I read the entire policy and procedure manual and it didn't mention anything about these kind of arrests. It only took me an hr to read the entire manual. I imagine larger departments have much larger manuals. HA. I did like the use of force section. It starts will presence, verbal commands and then goes to taser, pepper spray, then goes to hands on, followed by baton and lastly deadly force. I've heard that some departments make you physically fight someone before using taser. It's not that I am afraid to fight but it seems that using the taser before getting physical would significantly reduce the risk of serious injury to both the officer and suspect.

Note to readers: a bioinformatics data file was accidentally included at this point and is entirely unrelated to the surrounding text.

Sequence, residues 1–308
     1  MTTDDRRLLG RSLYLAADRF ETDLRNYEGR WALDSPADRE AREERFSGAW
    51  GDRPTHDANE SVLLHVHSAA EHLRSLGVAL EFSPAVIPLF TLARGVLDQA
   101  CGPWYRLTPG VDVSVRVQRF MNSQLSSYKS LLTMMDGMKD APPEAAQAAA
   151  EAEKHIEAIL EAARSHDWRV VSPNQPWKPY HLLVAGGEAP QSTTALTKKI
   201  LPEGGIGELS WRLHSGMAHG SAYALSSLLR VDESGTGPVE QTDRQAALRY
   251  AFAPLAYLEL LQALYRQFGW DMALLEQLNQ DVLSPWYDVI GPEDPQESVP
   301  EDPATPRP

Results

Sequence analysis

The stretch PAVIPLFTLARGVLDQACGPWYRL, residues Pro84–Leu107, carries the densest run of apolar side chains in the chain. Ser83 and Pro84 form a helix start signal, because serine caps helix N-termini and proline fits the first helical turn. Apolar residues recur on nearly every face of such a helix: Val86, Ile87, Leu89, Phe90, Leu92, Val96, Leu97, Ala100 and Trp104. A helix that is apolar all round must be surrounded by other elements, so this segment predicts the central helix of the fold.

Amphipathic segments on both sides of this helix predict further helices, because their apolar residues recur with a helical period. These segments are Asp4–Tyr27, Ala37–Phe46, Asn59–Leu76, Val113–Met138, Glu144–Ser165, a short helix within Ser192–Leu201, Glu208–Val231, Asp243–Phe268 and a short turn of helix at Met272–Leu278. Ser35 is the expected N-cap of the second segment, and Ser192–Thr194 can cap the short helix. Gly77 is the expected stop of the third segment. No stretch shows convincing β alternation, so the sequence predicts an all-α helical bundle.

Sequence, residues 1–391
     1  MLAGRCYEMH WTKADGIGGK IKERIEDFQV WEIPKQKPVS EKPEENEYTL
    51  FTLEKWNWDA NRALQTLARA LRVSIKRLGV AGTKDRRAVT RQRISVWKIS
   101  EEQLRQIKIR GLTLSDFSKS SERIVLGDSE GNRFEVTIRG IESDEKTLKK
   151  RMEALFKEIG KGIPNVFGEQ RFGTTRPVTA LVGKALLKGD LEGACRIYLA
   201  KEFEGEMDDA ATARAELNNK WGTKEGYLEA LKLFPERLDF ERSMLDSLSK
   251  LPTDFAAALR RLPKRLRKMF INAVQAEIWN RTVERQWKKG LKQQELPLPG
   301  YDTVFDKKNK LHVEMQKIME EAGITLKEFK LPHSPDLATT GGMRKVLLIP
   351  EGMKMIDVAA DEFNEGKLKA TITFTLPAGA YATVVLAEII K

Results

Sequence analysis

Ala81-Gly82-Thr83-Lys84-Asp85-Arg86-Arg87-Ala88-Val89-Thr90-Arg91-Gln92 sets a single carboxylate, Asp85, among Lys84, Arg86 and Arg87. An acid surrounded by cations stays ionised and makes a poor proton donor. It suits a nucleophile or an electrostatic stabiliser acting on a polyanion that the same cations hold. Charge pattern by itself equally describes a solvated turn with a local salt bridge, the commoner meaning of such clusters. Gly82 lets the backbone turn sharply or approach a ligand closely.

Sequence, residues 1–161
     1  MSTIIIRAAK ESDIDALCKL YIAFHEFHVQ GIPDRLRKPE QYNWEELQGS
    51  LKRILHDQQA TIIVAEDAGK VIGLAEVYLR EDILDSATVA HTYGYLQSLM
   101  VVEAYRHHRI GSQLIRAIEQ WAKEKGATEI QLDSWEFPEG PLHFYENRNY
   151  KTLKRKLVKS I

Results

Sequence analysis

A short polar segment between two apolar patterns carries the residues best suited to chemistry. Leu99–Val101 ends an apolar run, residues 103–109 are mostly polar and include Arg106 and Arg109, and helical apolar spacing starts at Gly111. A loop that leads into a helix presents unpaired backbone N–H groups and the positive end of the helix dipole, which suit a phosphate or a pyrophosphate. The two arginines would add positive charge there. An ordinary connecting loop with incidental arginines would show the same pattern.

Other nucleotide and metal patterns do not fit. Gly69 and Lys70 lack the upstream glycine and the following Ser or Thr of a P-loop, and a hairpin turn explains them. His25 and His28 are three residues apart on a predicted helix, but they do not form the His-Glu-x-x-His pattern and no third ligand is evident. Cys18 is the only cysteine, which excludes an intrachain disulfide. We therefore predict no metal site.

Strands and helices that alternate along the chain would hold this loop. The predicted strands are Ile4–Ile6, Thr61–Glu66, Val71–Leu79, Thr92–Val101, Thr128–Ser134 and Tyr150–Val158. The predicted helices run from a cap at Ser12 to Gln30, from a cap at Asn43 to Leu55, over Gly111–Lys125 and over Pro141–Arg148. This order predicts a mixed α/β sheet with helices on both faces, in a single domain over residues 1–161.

Comment


                            • #15
                              You can google or try and get the policies/procedures for more serious cases from the large departments. That should help guide you through the tough bits... I know I can find our state police's policies online if I look hard enough. Theres no way you will ever get alot of variety of calls on FTO in a small town.

                              I never had a domestic disturbance call in three months on FTO. When I got off FTO we started dealing with domestics at least once every other day for about two yearsm until they got arrested or moved out. Now I've had one domestic call in 6 months this year. The type and volume of calls get dictated by who lives in and drives through your town...


                              I thought I had low call volume, but damn... Winter time we'll be lucky to get a call other than an alarm or two at night. During daytime summers were running stacked calls most of the day. Were around 17k calls this year and have a population of 10k.